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An artful meditation on our landscape

Hey there, time traveller!
This article was published 16/8/2013 (1859 days ago), so information in it may no longer be current.

Part poetry, part journal and part essay, Winnipeg poet Katherine Bitney's first book of prose challenges the reader to ask some hard-hitting and important questions about the current relationship we have with our environment.

The Boreal Dragon comes from Bitney's experiences and involvement in the Boreality Project, an interdisciplinary collaboration between local literary quarterly Prairie Fire Press, the Manitoba Chamber Orchestra and a handful of Winnipeg-based artists celebrating the spirit of the boreal forest.

Canada's boreal region, by the way, covers about 60 per cent of our land mass and is dominated by such coniferous trees as spruce, fir and pine.

Bitney's slim book is divided into sections that represent each of the seasons. She first takes us into her home garden during the spring. Pieces titled March, April and May (there's one for each month of the calendar year) offer poetic depictions of the observational relationship she has with her garden and its surrounding creatures.

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Hey there, time traveller!
This article was published 16/8/2013 (1859 days ago), so information in it may no longer be current.

Part poetry, part journal and part essay, Winnipeg poet Katherine Bitney's first book of prose challenges the reader to ask some hard-hitting and important questions about the current relationship we have with our environment.

The Boreal Dragon comes from Bitney's experiences and involvement in the Boreality Project, an interdisciplinary collaboration between local literary quarterly Prairie Fire Press, the Manitoba Chamber Orchestra and a handful of Winnipeg-based artists celebrating the spirit of the boreal forest.

Canada's boreal region, by the way, covers about 60 per cent of our land mass and is dominated by such coniferous trees as spruce, fir and pine.

Bitney's slim book is divided into sections that represent each of the seasons. She first takes us into her home garden during the spring. Pieces titled March, April and May (there's one for each month of the calendar year) offer poetic depictions of the observational relationship she has with her garden and its surrounding creatures.

"Now there is a garden bunny, colour of earth, colour of last year's leaves," she writes. "Colour of old wood. Colour of dry grass, of tree bark. Of wintered cabbage stalks. Of paving stones. Hunting for a place to hide a baby, come the new green leaves."

The result is poems that are rich in imagery and pop with colour, turning Bitney's lines into stunning visual landscapes for the mind's eye.

Each chapter continues with a series of journal entries from Bitney's time with the Boreality Project. We follow her as she journeys to Hollow Water, Fisher River, Wallace Lake, Pinawa and Falcon Lake and we read largely about the effort she makes to spiritually connect (or reconnect) to the land of the boreal.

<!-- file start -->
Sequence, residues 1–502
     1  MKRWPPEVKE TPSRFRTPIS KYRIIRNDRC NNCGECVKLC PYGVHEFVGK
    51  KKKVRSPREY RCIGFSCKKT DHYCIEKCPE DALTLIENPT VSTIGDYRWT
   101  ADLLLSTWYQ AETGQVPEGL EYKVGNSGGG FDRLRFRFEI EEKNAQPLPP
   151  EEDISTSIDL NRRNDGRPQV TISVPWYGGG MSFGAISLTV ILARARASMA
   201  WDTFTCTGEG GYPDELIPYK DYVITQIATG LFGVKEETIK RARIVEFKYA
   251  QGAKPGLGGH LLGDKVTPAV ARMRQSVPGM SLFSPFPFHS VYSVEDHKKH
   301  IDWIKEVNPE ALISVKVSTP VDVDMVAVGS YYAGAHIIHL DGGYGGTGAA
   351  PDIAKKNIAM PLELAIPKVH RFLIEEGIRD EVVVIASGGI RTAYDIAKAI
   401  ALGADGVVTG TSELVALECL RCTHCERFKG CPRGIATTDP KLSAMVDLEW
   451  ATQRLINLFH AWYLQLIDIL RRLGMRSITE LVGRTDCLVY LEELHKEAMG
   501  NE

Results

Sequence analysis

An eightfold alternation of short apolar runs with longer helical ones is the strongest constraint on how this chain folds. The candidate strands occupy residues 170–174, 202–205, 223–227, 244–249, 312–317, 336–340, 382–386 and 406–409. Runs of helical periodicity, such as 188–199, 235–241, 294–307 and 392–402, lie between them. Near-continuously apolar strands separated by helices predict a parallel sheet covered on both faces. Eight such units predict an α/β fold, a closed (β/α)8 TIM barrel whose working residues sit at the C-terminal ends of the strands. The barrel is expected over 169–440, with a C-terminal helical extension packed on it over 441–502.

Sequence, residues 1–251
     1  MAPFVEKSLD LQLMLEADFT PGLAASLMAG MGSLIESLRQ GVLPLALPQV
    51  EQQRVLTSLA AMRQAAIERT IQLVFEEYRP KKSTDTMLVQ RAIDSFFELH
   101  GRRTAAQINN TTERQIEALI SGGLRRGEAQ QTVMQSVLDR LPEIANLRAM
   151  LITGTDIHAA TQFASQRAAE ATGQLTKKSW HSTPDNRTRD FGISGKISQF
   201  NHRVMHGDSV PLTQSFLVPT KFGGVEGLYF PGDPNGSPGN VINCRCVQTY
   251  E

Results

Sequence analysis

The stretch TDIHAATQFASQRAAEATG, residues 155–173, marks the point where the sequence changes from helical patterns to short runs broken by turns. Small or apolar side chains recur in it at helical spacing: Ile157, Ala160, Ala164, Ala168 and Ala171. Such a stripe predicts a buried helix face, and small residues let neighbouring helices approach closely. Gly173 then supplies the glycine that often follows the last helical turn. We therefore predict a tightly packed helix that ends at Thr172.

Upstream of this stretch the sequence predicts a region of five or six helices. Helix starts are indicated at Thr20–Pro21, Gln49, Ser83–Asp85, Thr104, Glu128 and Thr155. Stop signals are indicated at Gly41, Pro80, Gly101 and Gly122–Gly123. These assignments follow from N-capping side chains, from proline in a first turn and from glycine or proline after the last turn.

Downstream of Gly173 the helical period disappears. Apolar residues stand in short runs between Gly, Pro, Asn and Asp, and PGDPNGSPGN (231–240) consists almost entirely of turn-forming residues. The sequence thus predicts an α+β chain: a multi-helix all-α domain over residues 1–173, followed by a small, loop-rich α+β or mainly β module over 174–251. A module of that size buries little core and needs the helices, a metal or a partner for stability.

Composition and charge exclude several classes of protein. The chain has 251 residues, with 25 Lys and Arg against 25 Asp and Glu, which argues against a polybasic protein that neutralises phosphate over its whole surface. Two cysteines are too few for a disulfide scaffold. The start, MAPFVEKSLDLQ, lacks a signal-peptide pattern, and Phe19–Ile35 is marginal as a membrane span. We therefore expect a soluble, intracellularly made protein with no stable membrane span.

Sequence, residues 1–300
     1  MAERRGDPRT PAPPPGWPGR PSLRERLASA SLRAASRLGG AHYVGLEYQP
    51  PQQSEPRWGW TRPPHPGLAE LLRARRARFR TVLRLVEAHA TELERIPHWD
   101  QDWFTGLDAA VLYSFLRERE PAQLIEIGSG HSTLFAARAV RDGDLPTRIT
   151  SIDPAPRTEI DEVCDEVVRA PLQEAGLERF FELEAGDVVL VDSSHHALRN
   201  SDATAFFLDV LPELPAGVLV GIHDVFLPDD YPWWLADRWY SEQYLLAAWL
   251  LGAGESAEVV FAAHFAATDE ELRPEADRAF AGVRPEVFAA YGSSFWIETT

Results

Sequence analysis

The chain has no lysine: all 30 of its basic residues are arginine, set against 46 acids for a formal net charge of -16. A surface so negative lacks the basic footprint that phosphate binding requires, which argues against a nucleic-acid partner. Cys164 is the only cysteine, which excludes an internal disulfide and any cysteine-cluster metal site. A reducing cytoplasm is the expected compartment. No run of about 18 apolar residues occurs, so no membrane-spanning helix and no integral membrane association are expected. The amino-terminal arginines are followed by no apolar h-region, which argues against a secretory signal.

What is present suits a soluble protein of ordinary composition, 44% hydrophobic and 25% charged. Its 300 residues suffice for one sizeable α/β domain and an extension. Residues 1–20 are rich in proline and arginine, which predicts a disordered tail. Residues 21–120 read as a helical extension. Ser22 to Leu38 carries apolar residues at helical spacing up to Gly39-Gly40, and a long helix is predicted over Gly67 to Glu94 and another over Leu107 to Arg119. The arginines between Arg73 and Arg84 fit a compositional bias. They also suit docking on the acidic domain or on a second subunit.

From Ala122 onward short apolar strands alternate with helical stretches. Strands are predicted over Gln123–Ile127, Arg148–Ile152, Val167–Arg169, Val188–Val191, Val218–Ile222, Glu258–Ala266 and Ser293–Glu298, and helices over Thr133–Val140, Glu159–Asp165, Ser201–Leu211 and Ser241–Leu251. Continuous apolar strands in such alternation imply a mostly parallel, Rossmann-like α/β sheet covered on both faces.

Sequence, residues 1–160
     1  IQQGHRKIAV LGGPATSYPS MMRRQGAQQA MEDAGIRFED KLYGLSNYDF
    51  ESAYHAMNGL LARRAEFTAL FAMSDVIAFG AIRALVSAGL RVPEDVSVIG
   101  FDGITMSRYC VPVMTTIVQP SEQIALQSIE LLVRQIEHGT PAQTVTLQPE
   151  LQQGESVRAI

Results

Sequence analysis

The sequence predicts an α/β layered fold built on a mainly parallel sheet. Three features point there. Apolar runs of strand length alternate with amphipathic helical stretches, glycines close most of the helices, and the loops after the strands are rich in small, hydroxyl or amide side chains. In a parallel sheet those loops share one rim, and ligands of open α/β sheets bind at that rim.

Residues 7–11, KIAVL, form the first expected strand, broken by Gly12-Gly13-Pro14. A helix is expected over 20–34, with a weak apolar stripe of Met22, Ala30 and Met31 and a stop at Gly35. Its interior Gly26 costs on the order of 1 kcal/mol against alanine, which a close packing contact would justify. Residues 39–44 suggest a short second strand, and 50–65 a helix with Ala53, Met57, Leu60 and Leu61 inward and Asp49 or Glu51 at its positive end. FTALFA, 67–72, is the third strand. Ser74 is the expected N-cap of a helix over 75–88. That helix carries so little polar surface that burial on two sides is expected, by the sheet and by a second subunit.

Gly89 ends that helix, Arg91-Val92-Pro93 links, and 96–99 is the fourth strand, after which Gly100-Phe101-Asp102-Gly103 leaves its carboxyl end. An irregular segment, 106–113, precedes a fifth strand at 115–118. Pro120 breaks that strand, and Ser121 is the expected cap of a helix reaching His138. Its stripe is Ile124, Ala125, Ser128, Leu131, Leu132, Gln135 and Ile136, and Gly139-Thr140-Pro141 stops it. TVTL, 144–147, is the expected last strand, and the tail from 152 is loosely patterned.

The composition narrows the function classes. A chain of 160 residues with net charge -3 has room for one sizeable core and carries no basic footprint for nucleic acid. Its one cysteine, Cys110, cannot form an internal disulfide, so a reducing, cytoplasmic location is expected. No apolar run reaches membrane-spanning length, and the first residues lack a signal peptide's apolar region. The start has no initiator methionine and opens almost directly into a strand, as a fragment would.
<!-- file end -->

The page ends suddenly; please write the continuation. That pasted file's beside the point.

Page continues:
"When you go to harvest, it is your intent that is paramount. The plants need to know why you are harvesting them. Tell them it is to heal," she writes in one section.

"We leave our blood here in the forest, thank you, and our DNA goes into it. Ticks, skeeters, whatever bites and takes blood. We become part of it," she writes in another.

The writing is chock full of punchy, raw and unfiltered lines and the poet's natural phrasing seeps into her entries, making them more abstract than concrete at times.

Unfortunately, it is parts like these that can sometimes weaken the work. It makes it difficult to follow along with the path the author's thoughts have travelled and sometimes makes these particular pieces feel unconnected and confusing to the reader.

Finally, each chapter ends with one of Bitney's essays, and it's these that are the pillars of the collection. From Does Nature Have Rights? to Questions Towards an Ethics of Violence, Bitney wants us to view everything in nature (i.e. plants and fungi, life cycles and even the weather) with all of the same rights and considerations given to other species — mainly ourselves as human beings — and to see nature as a living entity and not "mechanic."

More important, it seems Bitney challenges us to strongly rethink the language we use when it comes to how we look at our environment. She poses the idea that little changes in perspective (and language) can ripple into bigger (and better) changes for us as a whole; that only when we respectfully reconnect ourselves back to the spirit and the land of the boreal that only then will we be able to consider a greener future.

 

Adam Petrash is a Winnipeg writer who spends his summers in the Whiteshell.

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History

Updated on Saturday, August 17, 2013 at 10:22 PM CDT: Tweaks formatting.

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